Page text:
About Glenn Sutton
As a professional guitar teacher with 25 years of experience (see guitarlessonspoway.com), people sometimes ask me whether they should learn guitar tablature or standard music notation. This article and video explain each form of notation and I also give some guidelines as to which notation guitar students should learn. I have included the video I recorded at the end of this article.
Buying a Guitar Amplifier
An amplifier is a device that increases the volume of the device it’s designed for which means a guitar amplifier is a must for a true musician to really get the sound he or she wants. However, buying a guitar amp for the first time can be a tricky and often confusing when you go in with no information on what you are getting. Especially since guitar amps range from anywhere between 70 dollars to a few thousand, it is not wise to go into getting an item like this without some idea of what you want!
A good idea for buying a guitar amplifier would be to make a list of what you need from the guitar amp, how much you can afford to spend on it, and what special characteristics it should have if there are any you may need later on. There are many brands of guitar amps out there ranging from Fender, Vox, Marshall, Line 6, and so much more. This means if you feel comfortable with a certain brand name you should consider starting your research with them and seeing what that brand has to offer in terms of guitar amps. Remember if you buy a Fender guitar that doesn’t mean you have to get a Fender guitar amplifier! Also, non-brand name items tend to cost less and if you can find a few good sources of recommendations for them it may save you a few dollars right off the bat!
Guitar amps come to two basic types: solid state, which is tend to be less expensive but are also not as well recommended with professional guitarist and there is the tube guitar amp which can range in all prices still and are considered to give a better sound! When buying a guitar amp you should also consider the configuration of the amp, whether you want an amp head with a speaker cabinet, or perhaps a combo amp. Also, if you go with a speaker cabinet configuration you should decide the layout of it which can be one 12 inch speaker, two 10 inch speakers to four 12 inch speakers. Lastly, when dealing with the style of the guitar amp you should decide how many channels it should have. Like a sound board, the number of channels that go into the guitar amp will affect the quality, sounds, and power of each input or channel but with the addition of more channels you can produce a much more powerful and unique sound. Here is where the power of your guitar amp comes in to play, and the power of the amp is one of the most critical components to your music and sound!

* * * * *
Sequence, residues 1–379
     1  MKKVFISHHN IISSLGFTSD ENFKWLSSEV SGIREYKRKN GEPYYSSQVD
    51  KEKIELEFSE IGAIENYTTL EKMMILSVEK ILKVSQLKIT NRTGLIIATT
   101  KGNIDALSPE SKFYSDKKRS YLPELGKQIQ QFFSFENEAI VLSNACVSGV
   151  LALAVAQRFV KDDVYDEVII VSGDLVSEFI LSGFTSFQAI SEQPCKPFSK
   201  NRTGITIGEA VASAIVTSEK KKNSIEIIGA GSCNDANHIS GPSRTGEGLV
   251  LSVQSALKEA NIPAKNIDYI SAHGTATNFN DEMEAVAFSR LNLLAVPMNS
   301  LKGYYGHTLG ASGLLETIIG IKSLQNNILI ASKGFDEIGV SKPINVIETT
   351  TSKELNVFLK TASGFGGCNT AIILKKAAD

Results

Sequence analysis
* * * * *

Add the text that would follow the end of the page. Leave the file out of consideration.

Guitar amplifiers measure the power they have in watts, the more watts you have the more power your amp can handle. Ranging from under ten watts to well over one hundred watts the choices are many with all the different combinations of styles, powers, and inputs numbers you can have in your guitar amp. So once you decide the price range of your guitar amp, the style you want, the configuration of the amp, and how much power you will need for your music, you could still be left with a very large number of amps to choose from. Once you’ve narrowed your list to that range you can look at the features the remaining amps have!
Guitar amps have many, many features to help improve your sounds and music. The features may include battery powered amps, modeling amps, effects, USB ports (to download more sounds), and many others.
Now that you have decided on a price range, a style, the configuration and/or configuration of the speaker cabinet type (if you choose that route), the power level, the number of channels, and the types of features your guitar amp will have, you are now ready to buy a guitar amplifier with an informed and ready state of mind.